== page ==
, Volume 8, Issue 3, pp 185-193
Date: 23 Feb 2005

Intelligent virtual agents keeping watch in the battlefield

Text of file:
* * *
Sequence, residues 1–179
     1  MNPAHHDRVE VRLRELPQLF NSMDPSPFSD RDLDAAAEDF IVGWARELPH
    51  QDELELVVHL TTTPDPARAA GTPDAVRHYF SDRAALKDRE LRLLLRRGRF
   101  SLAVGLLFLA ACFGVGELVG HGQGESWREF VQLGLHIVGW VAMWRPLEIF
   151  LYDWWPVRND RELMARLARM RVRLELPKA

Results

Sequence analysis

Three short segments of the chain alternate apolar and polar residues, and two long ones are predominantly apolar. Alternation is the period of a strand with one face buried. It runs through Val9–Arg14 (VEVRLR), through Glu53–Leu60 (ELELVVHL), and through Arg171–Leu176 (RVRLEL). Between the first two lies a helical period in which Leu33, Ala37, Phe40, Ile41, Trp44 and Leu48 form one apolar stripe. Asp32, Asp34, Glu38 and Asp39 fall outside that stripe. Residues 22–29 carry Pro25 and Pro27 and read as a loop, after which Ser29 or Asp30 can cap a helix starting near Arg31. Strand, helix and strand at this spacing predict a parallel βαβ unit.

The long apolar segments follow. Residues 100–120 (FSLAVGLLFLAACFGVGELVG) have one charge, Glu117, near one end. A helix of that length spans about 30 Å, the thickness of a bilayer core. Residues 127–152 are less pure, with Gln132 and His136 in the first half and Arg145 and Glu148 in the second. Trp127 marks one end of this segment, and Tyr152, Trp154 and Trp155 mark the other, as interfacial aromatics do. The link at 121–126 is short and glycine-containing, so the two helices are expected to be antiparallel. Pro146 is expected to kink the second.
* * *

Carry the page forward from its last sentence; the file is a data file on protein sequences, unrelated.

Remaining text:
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One of the first areas where virtual reality found a practical application was military training. Two fairly obvious reasons have driven the military to explore and employ this kind of technique in their training; to reduce exposure to hazards and to increase stealth. Many aspects of combat operations are very hazardous, and they become even more dangerous if the combatant seeks to improve his performance. Some smart weapons are autonomous, while others are remotely controlled after they are launched. This allows the shooter and weapon controller to launch the weapon and immediately seek cover, thus decreasing his exposure to return fire. Before launching a weapon, the person who controls that weapon must acquire/perceive as much information as he can, not only from its environment, but also from the people who inhabits that environment. Intelligent virtual agents (IVAs) are used in a wide variety of simulation environments, especially in order to simulate realistic situations as, for example, high fidelity virtual environment (VE) for military training that allows thousands of agents to interact in battlefield scenarios. In this paper, we propose a perceptual model, which seeks to introduce more coherence between IVA perception and human being perception, increasing the psychological “coherence” between the real life and the VE experience. Agents lacking this perceptual model could react in a non-realistic way, hearing or seeing things that are too far away or hidden behind other objects. The perceptual model, we propose in this paper introduces human limitations inside the agent’s perceptual model with the aim of reflecting human perception.